A New Approach to Enterprise and Community Development in Africa’s Oil and Gas Sector

Shifting Gears in Africa’s Oil and Gas Frontier
Sep 17, 2013 5:00 PM ET

By Harry Pastuszek

About a month ago, I received a phone call from the lead consultant on a team hired to advise the Ministry of Energy for a small African nation on issues regarding “local content”. “Local content” is a term at risk of falling into the abyss of development jargon. Put simply, it means the extent to which local people and companies are able to participate in the workforce and supply chains of a given industry. It is most often a focus area in sectors that require technical sophistication to exploit natural resources—namely extractive industries such as mining, oil, and gas.

The phone call from this lead consultant was one of four such contacts I received in that week alone. As the Vice President of Enterprise and Community Development at CDC Development Solutions, I have seen a growing interest in advisory services designed to aid local companies in entering the oil and gas supply chain in sub-Saharan Africa. This shift highlights the fact that a new day is dawning in the oil and gas industry in this part of the world. The claims in a recent Economist feature that the death knell is sounding for the integrated international oil and gas company (IOC) may be overcooked; however, there is no question that the rising relevance of national oil companies (NOC) in new markets is driving profound attention to issues of small and medium enterprise (SME) development among regulators, NOCs, and IOCs.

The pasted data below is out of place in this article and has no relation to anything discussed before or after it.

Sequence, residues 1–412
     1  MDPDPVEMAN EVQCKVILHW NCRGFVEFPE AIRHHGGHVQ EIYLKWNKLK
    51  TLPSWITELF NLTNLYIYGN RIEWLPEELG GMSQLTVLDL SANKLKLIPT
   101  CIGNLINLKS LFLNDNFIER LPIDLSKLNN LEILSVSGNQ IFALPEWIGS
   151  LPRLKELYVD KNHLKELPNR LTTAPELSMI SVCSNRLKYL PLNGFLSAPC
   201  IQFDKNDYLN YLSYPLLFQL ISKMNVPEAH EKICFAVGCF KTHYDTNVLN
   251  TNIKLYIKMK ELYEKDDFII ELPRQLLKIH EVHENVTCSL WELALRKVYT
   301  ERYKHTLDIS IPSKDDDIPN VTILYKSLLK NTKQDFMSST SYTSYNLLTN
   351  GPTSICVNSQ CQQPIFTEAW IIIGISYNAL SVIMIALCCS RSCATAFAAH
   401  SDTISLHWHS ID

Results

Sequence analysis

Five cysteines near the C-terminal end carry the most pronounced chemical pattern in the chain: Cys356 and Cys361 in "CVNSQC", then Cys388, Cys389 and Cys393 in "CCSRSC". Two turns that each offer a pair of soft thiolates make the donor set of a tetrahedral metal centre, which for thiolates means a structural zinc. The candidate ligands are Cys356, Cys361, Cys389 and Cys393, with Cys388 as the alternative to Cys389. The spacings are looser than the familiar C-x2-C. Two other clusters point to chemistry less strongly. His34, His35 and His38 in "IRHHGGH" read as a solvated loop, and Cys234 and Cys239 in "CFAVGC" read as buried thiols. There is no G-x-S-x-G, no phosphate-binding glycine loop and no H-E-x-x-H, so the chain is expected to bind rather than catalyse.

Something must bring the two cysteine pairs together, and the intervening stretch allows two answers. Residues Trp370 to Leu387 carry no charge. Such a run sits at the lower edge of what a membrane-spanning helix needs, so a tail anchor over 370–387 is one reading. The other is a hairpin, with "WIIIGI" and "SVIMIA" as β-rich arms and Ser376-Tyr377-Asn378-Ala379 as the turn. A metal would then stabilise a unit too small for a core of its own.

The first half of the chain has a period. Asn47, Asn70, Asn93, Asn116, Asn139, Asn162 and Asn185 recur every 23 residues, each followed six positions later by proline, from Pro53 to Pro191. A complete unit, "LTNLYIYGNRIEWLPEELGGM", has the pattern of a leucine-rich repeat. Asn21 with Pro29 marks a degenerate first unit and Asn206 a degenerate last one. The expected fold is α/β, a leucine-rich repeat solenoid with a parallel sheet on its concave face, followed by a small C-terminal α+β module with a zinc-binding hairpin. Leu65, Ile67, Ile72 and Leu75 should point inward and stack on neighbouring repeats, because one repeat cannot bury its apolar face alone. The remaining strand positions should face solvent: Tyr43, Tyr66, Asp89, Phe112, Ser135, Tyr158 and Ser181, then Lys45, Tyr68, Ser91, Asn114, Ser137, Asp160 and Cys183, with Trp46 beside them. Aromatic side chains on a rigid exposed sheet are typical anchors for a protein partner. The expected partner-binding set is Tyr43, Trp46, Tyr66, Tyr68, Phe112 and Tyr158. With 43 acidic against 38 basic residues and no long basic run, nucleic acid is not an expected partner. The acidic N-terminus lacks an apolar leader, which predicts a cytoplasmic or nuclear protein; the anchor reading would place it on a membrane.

The Changing Role of the IOC

While it is true that IOCs such as ExxonMobil, Chevron, and Shell remain among the world’s most valuable companies, there is still no doubt that the IOC’s role in the global oil industry is changing.  Oil demand in developed countries has been falling since the mid-2000s, a result of more efficient vehicles and overall demographic changes in car ownership. Simultaneously, we are seeing a greater demand for oil from the developing world—a demand that is only expected to increase as living standards improve in developing countries.

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